Never heard of it? You’re excused. It was a hit in the 1906-1907 Broadway season, but hasn’t exactly been seen much in the, oh, century since. Its playwright, Langdon Mitchell, who is perhaps “best” known as the writer of the 1899 stage extraction of Vanity Fair called Becky Sharp, never quite achieved the status of household name. Still, with The New York Idea, he accomplished something original, fascinating, and well worthy of revival — and something that “adapter” David Auburn and director Mark Brokaw almost entirely prevent us from seeing.
Some characters have been excised, combined, or compressed, which is perhaps to have been expected. (The original play counted 15 characters; this one 12.) But whole plot threads have been rearranged or removed entirely, and whole scenes have been stricken or restructured. Auburn hasn’t just completely reshaped the play, he’s reconsidered its essential nature almost from the ground up. The result is an evening that may be more “modern” in some ways, but feels less relevant and more haphazard than the work of the same name it’s attempting to replace.
Auburn has, at least, retained the basic plot. High-powered lawyer Philip Philimore (Michael Countryman) has divorced his wife, Vida (Francesca Faridany), and plans to remarry the younger, if rougher around the edges, Cynthia Karslake (Jaime Ray Newman), who is herself newly divorced from John (Jeremy Shamos). Alas, prejudices and emotional bonds die hard, and just as Philip’s tony family isn’t certain it’s willing to accept the more earthy Cynthia into its circle (she’s really into not just breeding horses, but betting on races), Cynthia and John aren’t entirely sure they’re over each other. John possessed none of the constancy and reliability that Cynthia craves and found in Philip, yet she remains drawn to him nonetheless.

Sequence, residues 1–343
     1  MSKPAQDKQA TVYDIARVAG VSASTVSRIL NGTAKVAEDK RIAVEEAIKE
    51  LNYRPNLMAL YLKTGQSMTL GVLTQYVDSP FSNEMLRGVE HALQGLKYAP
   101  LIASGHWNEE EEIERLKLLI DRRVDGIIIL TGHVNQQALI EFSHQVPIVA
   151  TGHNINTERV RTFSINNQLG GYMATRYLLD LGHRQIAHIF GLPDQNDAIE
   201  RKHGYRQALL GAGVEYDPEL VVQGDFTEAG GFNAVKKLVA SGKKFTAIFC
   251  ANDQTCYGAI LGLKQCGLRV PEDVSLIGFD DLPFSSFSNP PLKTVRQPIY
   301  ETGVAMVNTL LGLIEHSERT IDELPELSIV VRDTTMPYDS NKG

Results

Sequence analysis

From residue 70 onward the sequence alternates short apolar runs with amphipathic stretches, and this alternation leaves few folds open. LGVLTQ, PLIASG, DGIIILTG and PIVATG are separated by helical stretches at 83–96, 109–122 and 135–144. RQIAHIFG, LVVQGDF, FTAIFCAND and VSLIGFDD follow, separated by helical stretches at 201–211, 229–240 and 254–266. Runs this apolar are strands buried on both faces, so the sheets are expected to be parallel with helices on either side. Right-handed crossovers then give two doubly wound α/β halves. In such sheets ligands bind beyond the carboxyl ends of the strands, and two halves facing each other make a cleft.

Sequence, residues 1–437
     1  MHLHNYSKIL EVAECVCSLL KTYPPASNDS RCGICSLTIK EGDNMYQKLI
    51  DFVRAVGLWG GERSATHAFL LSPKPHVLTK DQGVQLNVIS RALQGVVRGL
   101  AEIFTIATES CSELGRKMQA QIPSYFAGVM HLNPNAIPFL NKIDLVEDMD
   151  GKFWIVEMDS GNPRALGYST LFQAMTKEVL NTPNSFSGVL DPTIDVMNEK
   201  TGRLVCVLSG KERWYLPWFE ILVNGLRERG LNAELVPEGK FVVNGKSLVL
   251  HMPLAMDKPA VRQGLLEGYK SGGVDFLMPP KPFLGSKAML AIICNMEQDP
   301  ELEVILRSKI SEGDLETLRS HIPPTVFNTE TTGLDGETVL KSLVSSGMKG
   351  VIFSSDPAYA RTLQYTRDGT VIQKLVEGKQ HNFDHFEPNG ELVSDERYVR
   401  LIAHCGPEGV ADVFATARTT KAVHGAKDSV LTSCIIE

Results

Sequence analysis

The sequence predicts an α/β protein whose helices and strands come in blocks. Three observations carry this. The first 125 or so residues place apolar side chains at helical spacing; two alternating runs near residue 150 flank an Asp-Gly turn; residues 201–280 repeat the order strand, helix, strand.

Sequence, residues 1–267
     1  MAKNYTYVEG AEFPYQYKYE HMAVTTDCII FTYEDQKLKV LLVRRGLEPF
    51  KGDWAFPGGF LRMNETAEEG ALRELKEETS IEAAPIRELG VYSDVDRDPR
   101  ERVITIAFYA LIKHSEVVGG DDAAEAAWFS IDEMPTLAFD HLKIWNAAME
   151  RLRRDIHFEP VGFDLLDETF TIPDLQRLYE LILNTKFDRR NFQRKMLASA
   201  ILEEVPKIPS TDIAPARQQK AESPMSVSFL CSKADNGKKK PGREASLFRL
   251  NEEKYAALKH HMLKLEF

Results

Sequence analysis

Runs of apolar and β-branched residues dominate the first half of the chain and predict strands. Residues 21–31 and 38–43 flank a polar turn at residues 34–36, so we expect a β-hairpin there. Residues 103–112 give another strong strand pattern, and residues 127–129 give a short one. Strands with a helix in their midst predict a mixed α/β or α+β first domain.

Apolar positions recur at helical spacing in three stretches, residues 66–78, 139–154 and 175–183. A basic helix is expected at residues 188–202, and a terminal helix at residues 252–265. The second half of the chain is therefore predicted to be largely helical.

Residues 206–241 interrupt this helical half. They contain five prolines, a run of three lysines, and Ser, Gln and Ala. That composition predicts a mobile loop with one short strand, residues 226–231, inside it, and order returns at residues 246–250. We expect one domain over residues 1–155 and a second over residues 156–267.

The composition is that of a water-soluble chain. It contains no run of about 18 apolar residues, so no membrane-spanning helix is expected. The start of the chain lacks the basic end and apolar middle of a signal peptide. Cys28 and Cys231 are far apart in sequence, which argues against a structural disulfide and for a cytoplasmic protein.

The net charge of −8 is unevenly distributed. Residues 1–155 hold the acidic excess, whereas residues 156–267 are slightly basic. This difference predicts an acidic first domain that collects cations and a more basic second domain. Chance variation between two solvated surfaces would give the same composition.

All four acts of the play (Brokaw’s production is presented with only one intermission) are concerned with exploring and untangling who wants to be with whom and who should be with whom, all against the backdrop of a polite society in which people just don’t do these things. This world is represented on the Manhattan side by Philip’s mother (Patricia O’Connell) and aunt (Patricia Conolly), and on the international front by the visiting English playboy, Wilfred Cates-Darby (Rick Holmes), who’s thoroughly amazed at how impermanent relationships seem to be on this side of the pond. Ideally, the ideological battle between the camps should carry sufficient drama to rock common-sense notions of back-then propriety, and more than enough comedy to make the bitter messages go down.